Also, once back in taos we hiked to Williams lake. There were some really nice northish facing faces that had tracks on them at the very back of the basin behind the lake. Is this sin nombre? I’m hoping to drive back up and ski it this Friday if anyone is interested. Actually just checked the other forum and I believe what I was looking at is what lobojasper skied. Hoping to repeat that.
camp near the lakes
camp near the lakes
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frozen lakes and dogleg couloir on left
frozen lakes and dogleg couloir on left
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new snow
new snow
IMG_6093.JPG (2.11 MiB) Viewed 3562 times
view looking up the couloir
view looking up the couloir
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view looking down the couloir from the top. steeper than it looks
view looking down the couloir from the top. steeper than it looks
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another view from the top
another view from the top
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on the lake w dogleg in background
on the lake w dogleg in background
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still snowy as shit
still snowy as shit
IMG_6143.JPG (2.11 MiB) Viewed 3562 times
lobojasper
Posts: 51
Joined: Sun Mar 06, 2016 7:12 pm

Re: Truchas

Post by lobojasper »

Awesome trip report Jake! On my mac, I like to export my photos to preview, and resize them in the tools tab. This seems to make them a little more nnmae.org friendly. Good to see there is a decent amount of snow in the basin! I wanted to make a few friendly comments about your trip and give you my unsolicited advice.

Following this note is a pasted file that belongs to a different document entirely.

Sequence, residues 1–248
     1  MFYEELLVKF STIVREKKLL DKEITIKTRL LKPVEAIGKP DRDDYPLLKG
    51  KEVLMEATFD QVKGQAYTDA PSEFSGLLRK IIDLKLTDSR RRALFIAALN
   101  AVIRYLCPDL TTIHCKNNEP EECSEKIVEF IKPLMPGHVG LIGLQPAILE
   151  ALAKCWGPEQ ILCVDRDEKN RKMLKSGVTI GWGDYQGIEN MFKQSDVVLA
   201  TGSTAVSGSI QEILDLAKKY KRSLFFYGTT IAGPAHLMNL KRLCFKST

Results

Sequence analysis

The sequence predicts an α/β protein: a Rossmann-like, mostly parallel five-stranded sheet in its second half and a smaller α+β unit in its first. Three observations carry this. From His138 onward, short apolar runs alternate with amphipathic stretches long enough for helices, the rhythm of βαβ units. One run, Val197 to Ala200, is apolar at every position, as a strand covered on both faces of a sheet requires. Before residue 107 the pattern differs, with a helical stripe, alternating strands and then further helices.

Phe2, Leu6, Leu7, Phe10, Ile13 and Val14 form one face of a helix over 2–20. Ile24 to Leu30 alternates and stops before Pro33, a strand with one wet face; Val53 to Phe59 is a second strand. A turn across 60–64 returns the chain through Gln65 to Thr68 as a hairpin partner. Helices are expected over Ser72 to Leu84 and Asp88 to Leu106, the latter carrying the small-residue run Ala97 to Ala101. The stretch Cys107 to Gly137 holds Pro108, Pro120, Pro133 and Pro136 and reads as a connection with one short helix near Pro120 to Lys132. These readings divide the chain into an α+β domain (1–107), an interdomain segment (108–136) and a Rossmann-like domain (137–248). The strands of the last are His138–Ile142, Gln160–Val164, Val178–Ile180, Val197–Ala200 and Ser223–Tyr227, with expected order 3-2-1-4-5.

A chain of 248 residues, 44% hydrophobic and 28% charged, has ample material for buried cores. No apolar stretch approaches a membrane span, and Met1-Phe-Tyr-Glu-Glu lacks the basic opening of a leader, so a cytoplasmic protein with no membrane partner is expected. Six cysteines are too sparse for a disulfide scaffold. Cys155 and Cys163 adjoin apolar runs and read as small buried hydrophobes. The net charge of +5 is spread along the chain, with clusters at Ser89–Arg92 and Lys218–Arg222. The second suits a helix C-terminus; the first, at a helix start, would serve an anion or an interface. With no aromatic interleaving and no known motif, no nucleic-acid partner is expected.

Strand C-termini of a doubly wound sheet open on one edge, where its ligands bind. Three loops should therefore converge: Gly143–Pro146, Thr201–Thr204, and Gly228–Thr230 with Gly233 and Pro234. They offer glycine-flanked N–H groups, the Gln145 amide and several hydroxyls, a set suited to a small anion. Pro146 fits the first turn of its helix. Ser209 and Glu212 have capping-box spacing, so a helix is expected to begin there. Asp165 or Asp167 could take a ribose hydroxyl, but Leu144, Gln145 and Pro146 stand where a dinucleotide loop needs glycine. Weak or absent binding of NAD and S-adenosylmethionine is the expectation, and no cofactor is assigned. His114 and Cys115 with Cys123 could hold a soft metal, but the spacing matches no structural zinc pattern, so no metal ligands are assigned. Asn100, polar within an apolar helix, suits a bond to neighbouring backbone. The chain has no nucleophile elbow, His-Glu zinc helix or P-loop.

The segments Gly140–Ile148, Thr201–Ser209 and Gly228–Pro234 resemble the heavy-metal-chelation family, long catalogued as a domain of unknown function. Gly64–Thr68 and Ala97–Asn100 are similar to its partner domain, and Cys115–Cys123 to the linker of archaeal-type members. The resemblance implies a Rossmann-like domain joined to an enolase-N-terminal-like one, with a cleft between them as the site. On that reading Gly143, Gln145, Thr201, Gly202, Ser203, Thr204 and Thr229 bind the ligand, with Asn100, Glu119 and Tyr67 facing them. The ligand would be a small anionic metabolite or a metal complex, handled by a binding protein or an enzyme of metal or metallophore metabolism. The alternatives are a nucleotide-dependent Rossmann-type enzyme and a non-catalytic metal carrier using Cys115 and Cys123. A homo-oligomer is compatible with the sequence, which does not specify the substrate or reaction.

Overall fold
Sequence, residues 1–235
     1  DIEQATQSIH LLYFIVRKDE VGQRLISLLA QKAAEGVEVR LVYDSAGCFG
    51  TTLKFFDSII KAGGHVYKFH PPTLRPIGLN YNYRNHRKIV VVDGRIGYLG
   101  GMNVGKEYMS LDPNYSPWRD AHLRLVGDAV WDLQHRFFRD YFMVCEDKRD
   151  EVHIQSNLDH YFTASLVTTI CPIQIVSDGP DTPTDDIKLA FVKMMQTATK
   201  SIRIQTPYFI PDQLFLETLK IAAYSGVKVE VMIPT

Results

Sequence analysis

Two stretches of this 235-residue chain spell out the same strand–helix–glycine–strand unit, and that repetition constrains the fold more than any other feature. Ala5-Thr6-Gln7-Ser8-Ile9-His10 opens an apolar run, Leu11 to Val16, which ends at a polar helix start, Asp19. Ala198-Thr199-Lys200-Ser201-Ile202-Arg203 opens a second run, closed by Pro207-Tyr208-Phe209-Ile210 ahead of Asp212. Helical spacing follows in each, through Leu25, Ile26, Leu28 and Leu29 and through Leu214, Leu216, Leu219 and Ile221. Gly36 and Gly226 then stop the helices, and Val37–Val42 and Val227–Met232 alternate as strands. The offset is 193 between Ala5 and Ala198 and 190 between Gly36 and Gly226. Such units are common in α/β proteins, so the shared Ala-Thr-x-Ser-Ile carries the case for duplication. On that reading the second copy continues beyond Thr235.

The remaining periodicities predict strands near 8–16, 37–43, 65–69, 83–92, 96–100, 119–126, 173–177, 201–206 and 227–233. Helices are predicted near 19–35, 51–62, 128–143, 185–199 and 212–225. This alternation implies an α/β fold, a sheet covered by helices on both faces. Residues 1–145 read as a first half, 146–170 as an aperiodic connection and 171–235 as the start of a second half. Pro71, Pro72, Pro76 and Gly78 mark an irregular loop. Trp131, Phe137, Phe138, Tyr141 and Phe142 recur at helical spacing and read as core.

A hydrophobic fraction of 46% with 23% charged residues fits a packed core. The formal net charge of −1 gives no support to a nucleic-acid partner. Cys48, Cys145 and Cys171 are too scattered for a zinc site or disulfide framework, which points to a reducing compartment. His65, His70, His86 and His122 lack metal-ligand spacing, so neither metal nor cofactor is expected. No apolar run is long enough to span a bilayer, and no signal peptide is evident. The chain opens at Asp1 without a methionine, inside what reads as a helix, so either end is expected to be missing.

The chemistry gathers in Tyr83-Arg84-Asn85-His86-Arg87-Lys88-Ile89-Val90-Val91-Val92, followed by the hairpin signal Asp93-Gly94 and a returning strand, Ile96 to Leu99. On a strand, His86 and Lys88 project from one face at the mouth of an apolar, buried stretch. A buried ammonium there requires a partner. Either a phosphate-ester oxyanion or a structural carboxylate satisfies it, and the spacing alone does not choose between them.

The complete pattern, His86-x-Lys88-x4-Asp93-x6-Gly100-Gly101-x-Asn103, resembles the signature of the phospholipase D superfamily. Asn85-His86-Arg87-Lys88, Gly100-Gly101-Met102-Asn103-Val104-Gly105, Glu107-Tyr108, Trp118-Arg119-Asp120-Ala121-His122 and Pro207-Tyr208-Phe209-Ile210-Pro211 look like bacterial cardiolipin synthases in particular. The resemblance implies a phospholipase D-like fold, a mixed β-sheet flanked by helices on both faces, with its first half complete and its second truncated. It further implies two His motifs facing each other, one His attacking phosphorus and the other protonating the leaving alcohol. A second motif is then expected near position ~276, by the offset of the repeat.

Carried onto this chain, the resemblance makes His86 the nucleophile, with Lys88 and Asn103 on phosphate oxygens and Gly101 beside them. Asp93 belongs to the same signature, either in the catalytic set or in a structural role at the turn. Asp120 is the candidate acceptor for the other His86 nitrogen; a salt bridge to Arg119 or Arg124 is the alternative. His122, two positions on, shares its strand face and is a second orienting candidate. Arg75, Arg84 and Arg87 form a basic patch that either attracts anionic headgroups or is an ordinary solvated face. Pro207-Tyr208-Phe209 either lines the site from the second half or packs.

Postholing stinks all around! Try to do all that you can to avoid it. In the future, Sports Systems in abq will rent snowshoes to your friends for pretty cheap. If possible, stay out of the skin track while post holing if there is already one set. Waist deep post holes are difficult to see in all white, and make the trail dangerous and difficult for the people that come after you. Imagine hiking a dry trail and there being similar holes in the dirt.

More importantly, in Carson National Forest it is illegal to camp 200 feet from the lakes and in some cases like Lake Katherine, it is illegal to camp in the entire lake basin (36 CFR section 261.52(a) and 261.58(e)).

The reason for this law is that camping kills the lakeside riparian vegetation that helps maintain bank stability and prevents erosion. Riparian plant roots physically hold down soil, and encourage rain infiltration into the ground thereby reducing direct runoff into the lake.

Erosion of soil into the lake overloads the water with organics and nuetrients, and causes eutrophication especially in sensitive alpine lakes with low natural productivity. This all is more evident in the summertime at Trampas Lakes as it seems algae is blooming, indicated by the lakes weird green color. Algae is bad because it blocks out sunlight for photosynthetic plants that produce free oxygen for aquatic organisms, and as the algae dies it is broken down by bacteria that further consume dissolved oxygen in the water column.

In the summertime, it is also easier to see that the entire lakeshore at Tampas Lakes lacks grass and vegetation (Like the dry spot you camped on) and is just exposed brown soil from hundred of people camping there. Notice the large tree roots in your photo that are exposed from the excessive soil erosion.